Choosing a Meeting Planner App

Choosing a Meeting Planner App

Brett Terpstra introduced me to a new app last week that I thought I could use: TimeToCall [$1, iOS]. (As of 10/2/2014, TimeToCall has been removed from the App Store.) As the description states, it’s “a universal iPhone and iPad application to help you choose the best time to call people in other countries based on timezones.” Since I have clients outside of the U.S., I thought the app would be more handy than doing time conversions on the web.

Like the simple world clock that iOS already provides (in the Clocks app), TimeToCall allows you to create a list of cities and view the time in each relative to the others. Going one step further, you can create multiple lists of cities in TimeToCall, which makes it possible to keep track of multiple people (as I wanted to do) or multiple meetings.

TimeToCall

Unfortunately, TimeToCall doesn’t allow the user to show the current time and the app suffers from bugs related to selecting times. As much as I wanted to use this app, the inability to set the current time—especially relative to my current location—prompted me to look at other apps. (See my update below.)

Brett had already mentioned Synchronize [Free, iOS] and Cities. The latter, sadly, is no longer available; that’s unfortunate, since it had the ability to use custom cities—which would allow me to name each for my customer and forego the multiple lists in TimeToCall.

Snchronize

Synchronize, while not allowing multiple lists, is very slick. The first item is always your local time. A scale at the bottom of the screen allows you to change the displayed time for the selected item by swiping; all of the other times update automatically and you can reset the display to the current time with a single tap. Like TimeToCall, there are some cues to the time of day (whether or not it’s a good time to call), but in Synchronize they’re more subtle. Without either multiple lists or custom cities, though, I’m not able to use this app.

Searching for “world clock” in the App Store yields a plethora of choices; however—as I soon realized—what I was looking for was not a world clock, but a meeting planner. (World clocks almost always show only the current time in various places.) World Clock [Free, iOS] by timeanddate.com will probably be the first result in that search and it has perhaps the most complete list of cities and the greatest accuracy, but it, too, has no support for multiple lists or custom cities.

Meeting Planner

Meeting Planner [$3, iOS], also by timeanddate.com, allows the user to define multiple meetings. Although its “find best meeting time” feature is very nice if you’ve got more than two participants, it’s not particularly useful to me when all I want to do is quickly see what time it is or will be for a specific client relative to my time.

World Time Checker

World Time Checker [Free, iOS] is a mixed bag. It’s similar to Cities in that it allows you to name your clocks, but you can only have three. The main screen looks nice, but the edit screen needs some help and there are some interface bugs. Worse, it doesn’t appear to be very accurate (the time in Sydney in the screenshot is incorrect).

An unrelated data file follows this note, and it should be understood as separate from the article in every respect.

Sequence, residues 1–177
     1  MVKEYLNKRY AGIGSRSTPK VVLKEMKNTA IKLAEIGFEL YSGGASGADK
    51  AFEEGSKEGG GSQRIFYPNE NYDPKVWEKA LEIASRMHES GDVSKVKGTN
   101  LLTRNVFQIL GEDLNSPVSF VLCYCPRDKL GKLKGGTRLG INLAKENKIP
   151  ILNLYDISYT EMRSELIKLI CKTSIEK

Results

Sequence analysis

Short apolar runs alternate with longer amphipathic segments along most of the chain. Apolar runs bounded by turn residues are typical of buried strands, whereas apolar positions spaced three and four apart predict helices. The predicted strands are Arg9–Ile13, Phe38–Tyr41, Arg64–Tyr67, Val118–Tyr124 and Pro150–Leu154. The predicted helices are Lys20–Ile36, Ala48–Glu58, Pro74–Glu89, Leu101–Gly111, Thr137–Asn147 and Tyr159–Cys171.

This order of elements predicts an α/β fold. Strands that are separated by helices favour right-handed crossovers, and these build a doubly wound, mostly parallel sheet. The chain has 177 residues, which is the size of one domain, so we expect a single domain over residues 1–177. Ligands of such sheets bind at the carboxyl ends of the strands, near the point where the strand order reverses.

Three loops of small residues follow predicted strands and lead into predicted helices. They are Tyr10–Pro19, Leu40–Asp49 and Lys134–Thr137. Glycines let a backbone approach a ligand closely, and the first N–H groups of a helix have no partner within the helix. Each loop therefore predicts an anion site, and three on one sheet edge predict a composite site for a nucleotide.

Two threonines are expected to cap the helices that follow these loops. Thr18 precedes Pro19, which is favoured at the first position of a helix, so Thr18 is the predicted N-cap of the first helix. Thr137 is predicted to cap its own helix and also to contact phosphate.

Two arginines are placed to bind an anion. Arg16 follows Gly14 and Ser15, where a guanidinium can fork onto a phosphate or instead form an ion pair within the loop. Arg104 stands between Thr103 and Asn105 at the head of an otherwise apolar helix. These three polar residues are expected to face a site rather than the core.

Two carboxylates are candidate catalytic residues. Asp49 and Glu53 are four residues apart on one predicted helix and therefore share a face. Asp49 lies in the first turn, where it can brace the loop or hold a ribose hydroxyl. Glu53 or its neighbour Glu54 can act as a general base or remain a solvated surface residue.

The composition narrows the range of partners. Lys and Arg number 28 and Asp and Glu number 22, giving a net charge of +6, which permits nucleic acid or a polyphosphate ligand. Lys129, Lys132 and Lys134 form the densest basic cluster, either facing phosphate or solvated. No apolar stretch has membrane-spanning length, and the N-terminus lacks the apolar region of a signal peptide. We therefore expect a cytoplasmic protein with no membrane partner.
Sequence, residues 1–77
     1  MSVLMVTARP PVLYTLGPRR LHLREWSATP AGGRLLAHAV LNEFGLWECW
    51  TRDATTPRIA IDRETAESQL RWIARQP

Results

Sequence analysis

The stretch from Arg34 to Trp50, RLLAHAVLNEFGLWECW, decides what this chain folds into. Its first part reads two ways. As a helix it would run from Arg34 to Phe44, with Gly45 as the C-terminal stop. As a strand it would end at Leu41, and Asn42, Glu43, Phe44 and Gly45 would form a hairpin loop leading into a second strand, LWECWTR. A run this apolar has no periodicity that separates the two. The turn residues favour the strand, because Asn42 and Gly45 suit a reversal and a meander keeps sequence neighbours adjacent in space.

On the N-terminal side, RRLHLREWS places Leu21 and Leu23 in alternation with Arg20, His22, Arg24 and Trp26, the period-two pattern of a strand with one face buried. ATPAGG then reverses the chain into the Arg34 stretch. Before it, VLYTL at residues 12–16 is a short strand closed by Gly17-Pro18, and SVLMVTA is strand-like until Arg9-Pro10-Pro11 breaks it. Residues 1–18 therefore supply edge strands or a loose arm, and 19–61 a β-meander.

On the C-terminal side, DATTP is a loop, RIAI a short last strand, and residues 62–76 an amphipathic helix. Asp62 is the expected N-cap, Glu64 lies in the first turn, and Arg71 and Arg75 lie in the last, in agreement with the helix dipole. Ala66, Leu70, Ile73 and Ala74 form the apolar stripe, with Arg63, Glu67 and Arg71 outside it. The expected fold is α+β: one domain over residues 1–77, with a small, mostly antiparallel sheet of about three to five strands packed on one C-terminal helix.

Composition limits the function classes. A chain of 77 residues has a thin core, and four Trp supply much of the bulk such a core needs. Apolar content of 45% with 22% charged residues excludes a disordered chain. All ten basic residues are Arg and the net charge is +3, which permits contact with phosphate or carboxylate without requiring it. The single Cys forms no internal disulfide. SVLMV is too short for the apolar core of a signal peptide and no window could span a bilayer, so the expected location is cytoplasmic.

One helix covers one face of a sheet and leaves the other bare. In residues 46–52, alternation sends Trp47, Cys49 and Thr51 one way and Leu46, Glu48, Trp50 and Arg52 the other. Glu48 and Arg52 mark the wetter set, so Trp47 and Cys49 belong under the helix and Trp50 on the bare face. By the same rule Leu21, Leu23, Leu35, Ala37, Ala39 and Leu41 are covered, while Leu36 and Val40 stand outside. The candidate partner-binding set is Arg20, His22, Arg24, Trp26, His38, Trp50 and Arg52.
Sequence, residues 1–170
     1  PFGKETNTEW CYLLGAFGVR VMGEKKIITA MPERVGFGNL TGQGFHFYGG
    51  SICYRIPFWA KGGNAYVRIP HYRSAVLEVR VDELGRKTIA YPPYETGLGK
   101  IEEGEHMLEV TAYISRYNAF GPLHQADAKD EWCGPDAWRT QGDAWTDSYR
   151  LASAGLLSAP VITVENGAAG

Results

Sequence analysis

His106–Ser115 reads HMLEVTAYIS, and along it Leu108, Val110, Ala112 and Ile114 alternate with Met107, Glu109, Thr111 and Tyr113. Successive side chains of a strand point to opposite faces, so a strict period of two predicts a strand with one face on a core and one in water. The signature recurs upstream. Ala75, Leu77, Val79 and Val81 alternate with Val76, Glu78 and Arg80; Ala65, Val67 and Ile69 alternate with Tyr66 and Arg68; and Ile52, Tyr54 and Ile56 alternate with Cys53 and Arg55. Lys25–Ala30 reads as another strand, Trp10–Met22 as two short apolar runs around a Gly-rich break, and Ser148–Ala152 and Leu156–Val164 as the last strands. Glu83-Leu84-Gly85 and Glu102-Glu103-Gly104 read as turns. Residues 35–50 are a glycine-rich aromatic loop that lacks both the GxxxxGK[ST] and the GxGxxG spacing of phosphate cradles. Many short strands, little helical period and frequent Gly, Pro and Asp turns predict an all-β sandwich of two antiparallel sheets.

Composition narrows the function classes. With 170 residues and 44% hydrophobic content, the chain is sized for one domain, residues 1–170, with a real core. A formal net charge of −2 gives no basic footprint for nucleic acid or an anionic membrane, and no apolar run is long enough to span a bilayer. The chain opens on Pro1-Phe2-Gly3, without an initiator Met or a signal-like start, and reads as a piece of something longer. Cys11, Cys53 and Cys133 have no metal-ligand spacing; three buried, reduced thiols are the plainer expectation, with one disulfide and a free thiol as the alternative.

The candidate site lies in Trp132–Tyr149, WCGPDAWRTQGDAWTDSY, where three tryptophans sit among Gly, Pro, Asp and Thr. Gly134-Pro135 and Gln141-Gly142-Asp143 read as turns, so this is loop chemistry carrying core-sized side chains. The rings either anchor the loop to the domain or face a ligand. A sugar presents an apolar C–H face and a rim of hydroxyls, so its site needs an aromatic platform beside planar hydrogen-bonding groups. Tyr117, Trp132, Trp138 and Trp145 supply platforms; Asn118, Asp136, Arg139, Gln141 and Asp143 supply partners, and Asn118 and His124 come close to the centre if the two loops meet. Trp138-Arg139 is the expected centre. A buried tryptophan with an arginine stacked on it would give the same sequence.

Timelanes

Timelanes [$1, iOS] deserves a mention for its take on the interface. Although it looks different than Synchronize, swiping to change the time is similar. It also adds the ability to send meeting notices by email (like Synchronize and Meeting Planner) and add the meeting to your calendar (like Meeting Planner). Meeting Planner, however, is the only app of these that will send meeting invitations (.ics files).

So which to choose? I’m not really satisfied with any of these; Synchronize is all that I want, but without custom locations, and TimeToCall has time-selection issues. For now I’m going to use both, each when appropriate, and hope that the developers will consider the suggestions I’ve passed along.

Update: After contacting Bjango Software, I’ve learned that Darkness [$3, iOS] is the successor to Cities and includes the same custom cities feature.

Darkness

Darkness has a leg up on TimeToCall, since the user can easily select a time—even the current time—and also have a current location in the list. However, selecting a time is not as easy as with Synchronize. But with Darkness positioned firmly between the two at the moment, I feel comfortable with using it instead of the others.

Update: After some back and forth with the Hiltmon Lipschitz, I’ve decided that my initial negative perception of TimeToCall was due to one feature being opaque and another being hidden. Part of what I saw as the app’s time selection bugs was actually a feature he calls the optimizer—a way to choose a meeting time that works for all participants—and which he admits is not perfect. And it is possible to select the current time (rounded to the nearest quarter hour) by double-tapping on the time slider.

As I noted above, I’m looking more for a meeting planner than a world clock, so I’ve changed the title of this post to reflect that. And, now that I understand the app a little more, I’m willing to overlook the things I don’t like about TimeToCall and use it regularly.